Pricey juice cleanses that promise to help you detox are all the rage right now—but the idea that a liquid diet can help you eliminate harmful substances doesn’t really make sense, say nutritionists. Organs like your liver, kidneys, and intestines already get rid of harmful toxins in your body. What you can do? Promote the health of your detoxifying organs to naturally improve your body’s ability rid itself of toxins and waste. Here, Jaclyn London, M.S., R.D., a senior dietician at Mount Sinai Hospital in New York City, shares which foods to nosh on for best results.
Foods high in the prebiotic inulin, like artichokes and asparagus, help promote the formation of probiotics in the gut (a.k.a., the good bacteria). “Some research has indicated that inulin and other prebiotic-containing foods may play a role in improving overall gut health, which can decrease the burden on the liver’s detoxifying role,” says London. “Inulin essentially promotes immunity before our nutrients are metabolized by the liver.”
Nosh on cruciferous veggies like Brussels sprouts, cabbage, broccoli, and cauliflower, which are all high in fiber. “These promote gut health, kidney health, and liver health by helping with excretion through your bowel movements,” says London. “You’re promoting regularity and allowing for regular removal of toxins and waste.” Also important, says London, is that these foods contain the phytochemical sulforaphane, which studies suggest may keep pre-carcinogenic cells from negatively impacting other cells in the body—thus supporting the health of all your organs.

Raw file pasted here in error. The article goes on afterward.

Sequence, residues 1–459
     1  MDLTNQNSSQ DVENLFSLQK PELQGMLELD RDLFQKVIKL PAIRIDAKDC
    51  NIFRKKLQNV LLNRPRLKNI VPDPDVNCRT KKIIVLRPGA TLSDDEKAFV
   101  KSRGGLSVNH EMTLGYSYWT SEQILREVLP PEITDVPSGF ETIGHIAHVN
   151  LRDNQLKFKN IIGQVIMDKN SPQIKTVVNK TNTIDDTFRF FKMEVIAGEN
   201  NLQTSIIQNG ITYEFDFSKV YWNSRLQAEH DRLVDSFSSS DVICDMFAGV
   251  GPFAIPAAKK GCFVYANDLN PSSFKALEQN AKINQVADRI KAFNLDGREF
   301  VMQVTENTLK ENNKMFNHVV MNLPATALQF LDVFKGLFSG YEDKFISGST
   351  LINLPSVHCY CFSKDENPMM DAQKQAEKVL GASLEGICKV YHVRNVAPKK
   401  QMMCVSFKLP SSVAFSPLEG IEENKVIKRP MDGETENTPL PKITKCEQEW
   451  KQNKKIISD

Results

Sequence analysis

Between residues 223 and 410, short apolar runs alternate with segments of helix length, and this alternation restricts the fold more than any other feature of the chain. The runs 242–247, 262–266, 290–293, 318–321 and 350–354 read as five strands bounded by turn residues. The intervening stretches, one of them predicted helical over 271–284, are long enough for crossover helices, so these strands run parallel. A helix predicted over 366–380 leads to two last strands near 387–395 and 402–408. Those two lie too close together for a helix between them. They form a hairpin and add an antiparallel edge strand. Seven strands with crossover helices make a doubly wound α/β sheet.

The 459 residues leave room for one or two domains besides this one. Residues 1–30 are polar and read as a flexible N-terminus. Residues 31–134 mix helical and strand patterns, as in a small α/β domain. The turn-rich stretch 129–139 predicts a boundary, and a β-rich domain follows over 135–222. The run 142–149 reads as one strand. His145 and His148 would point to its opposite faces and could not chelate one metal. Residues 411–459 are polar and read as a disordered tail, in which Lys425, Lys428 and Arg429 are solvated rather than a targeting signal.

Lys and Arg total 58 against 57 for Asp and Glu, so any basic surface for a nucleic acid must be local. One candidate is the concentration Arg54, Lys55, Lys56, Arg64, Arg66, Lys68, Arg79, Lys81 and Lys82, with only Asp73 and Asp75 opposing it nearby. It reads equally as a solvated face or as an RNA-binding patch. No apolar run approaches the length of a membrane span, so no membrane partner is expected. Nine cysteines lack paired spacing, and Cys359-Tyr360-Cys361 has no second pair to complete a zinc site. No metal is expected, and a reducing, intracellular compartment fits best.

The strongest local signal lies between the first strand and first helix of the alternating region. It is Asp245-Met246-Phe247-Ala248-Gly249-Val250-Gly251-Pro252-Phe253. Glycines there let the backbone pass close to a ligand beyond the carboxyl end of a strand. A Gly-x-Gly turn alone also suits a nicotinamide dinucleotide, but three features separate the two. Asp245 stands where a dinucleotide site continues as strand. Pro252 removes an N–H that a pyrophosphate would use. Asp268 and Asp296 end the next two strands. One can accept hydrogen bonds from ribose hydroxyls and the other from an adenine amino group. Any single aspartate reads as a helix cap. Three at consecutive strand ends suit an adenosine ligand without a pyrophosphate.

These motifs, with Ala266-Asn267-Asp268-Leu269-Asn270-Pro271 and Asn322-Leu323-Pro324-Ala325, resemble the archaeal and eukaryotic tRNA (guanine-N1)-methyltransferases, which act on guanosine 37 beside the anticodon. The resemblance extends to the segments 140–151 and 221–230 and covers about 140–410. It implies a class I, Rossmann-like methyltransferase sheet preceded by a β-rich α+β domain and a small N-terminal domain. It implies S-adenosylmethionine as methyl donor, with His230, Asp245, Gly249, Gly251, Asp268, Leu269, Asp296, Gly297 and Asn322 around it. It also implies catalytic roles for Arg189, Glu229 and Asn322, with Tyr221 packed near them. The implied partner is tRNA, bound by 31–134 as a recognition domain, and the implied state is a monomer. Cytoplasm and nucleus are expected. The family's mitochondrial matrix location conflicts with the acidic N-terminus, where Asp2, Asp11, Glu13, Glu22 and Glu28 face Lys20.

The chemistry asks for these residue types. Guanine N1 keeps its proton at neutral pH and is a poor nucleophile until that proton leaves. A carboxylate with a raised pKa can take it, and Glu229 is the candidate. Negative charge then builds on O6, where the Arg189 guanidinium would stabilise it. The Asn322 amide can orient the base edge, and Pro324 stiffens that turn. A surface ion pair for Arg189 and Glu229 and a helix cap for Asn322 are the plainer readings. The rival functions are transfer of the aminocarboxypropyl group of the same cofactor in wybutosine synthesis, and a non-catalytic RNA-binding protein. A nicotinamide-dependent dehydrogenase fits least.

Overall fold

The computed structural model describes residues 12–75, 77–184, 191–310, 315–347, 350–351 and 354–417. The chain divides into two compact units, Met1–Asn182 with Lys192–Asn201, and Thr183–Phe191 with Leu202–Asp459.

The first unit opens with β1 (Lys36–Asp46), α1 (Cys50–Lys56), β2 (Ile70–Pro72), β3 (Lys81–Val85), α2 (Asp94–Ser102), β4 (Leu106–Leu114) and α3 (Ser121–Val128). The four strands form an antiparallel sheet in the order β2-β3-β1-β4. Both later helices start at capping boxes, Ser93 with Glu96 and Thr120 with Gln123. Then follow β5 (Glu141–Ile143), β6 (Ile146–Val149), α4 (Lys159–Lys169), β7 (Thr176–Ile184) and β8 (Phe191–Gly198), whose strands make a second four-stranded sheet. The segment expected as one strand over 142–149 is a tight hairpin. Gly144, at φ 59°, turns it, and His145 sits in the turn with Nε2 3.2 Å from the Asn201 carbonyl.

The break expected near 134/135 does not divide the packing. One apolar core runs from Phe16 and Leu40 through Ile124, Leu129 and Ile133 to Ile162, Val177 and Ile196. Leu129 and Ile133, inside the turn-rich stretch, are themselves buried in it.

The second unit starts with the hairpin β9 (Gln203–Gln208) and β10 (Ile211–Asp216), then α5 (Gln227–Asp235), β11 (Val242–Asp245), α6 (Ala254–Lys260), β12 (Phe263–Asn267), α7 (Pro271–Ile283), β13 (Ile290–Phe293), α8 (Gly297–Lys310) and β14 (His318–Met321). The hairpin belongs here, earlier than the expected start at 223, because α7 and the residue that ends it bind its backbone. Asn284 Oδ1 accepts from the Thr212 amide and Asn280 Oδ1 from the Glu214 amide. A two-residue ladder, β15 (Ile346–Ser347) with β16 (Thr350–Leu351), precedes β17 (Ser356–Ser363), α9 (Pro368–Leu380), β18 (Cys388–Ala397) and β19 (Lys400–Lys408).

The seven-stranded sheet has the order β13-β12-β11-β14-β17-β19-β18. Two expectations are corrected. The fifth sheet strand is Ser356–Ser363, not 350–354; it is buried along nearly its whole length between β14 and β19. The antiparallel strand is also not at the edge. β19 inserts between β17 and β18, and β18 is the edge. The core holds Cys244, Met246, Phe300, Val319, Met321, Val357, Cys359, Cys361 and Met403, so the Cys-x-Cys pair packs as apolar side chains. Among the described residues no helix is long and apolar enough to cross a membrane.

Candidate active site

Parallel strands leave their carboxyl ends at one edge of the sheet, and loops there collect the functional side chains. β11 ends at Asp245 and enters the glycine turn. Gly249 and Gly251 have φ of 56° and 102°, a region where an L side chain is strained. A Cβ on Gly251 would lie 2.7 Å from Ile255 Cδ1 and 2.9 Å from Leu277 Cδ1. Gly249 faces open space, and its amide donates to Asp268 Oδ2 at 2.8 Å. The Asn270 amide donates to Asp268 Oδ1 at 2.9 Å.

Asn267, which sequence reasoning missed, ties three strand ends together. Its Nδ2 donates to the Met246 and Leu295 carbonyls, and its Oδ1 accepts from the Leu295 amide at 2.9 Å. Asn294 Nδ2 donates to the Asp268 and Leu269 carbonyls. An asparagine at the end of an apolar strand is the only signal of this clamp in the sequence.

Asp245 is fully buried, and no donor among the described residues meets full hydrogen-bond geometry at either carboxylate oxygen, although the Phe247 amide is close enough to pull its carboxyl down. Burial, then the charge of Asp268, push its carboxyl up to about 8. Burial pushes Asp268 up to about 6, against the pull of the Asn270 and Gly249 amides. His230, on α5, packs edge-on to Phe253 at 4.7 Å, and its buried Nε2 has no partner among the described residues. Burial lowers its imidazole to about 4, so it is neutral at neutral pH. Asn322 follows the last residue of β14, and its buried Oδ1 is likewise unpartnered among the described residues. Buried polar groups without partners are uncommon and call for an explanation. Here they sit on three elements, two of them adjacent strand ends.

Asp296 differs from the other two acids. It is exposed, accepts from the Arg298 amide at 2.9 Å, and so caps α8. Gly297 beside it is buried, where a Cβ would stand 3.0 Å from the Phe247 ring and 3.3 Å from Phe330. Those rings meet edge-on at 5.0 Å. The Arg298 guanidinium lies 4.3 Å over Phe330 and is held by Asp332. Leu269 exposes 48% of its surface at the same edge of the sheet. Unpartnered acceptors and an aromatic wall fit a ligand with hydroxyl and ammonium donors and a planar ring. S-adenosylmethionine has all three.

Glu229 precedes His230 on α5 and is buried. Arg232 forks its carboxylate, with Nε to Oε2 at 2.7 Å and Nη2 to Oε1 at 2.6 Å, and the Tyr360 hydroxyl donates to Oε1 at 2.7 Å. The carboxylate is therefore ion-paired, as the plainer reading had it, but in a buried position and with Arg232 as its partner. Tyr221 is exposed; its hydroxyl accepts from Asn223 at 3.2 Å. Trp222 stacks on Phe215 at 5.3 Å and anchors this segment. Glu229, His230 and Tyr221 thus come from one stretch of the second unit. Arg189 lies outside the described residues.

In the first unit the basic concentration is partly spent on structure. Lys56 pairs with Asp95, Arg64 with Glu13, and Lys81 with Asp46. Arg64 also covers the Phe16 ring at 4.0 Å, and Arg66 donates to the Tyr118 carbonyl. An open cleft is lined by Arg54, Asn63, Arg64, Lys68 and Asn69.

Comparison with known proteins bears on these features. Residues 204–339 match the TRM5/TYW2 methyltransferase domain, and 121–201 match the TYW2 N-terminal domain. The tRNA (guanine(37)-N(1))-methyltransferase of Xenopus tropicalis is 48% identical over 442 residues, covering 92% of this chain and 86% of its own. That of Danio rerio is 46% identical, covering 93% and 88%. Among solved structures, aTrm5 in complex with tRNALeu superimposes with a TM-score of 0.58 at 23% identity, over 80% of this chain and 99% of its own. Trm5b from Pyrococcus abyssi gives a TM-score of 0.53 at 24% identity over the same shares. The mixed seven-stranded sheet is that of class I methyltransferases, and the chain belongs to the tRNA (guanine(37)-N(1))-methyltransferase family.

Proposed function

Loading up on foods high in antioxidants, particularly vitamin C, can help improve liver function by aiding in the production of glutathione, a compound that is essential for detoxification in the liver.
You’ve probably heard that eggs are the go-to “hangover helper,” right? It’s because they’re high cysteine, an amino acid that plays an important role in the breakdown of acetaldehyde, a byproduct of alcohol metabolism. “By converting acetaldehyde into water and carbon dioxide, cysteine serves as our body’s own eliminator of this toxic compound,” says London.
B-vitamins (which are found in high concentrations in sweet potatoes) are key in helping your body with its breakdown processes. Vitamins B6, B12, and the B vitamin folate all help promote normal digestion, cell function, and metabolism health.
Lentils and beans are great sources of the immune system-boosting zinc, which the body needs for normal metabolic processes in all your organs. “Zinc is also important for many biochemical processes that aid in digestion and liver metabolism,” says London.
This breakfast staple is rich in soluble fiber, so oats will slow the rate of absorption for your food. “This also serves to promote healthy gut functioning and bacteria and stimulates the excretion of the bile made by the liver,” says London. “By decreasing the amount of bile that is re-absorbed in the intestines, your body can eliminate the harmful toxic waste and improve the development of short-chain fatty acids.” These fatty acids also improve gut health by stimulating the growth of beneficial bacteria, which should help even more with digestion and elimination.
The probiotics in yogurt will help promote the health of beneficial gut bacteria so your body can more easily process and pass waste. “Also, a key point is that Greek yogurt can be blood sugar stabilizing since it’s both high in protein and provides carbs,” says London. “This is important for those who might be concerned with proper functioning of the liver after drinking too much; stable blood sugar means a lighter hangover.”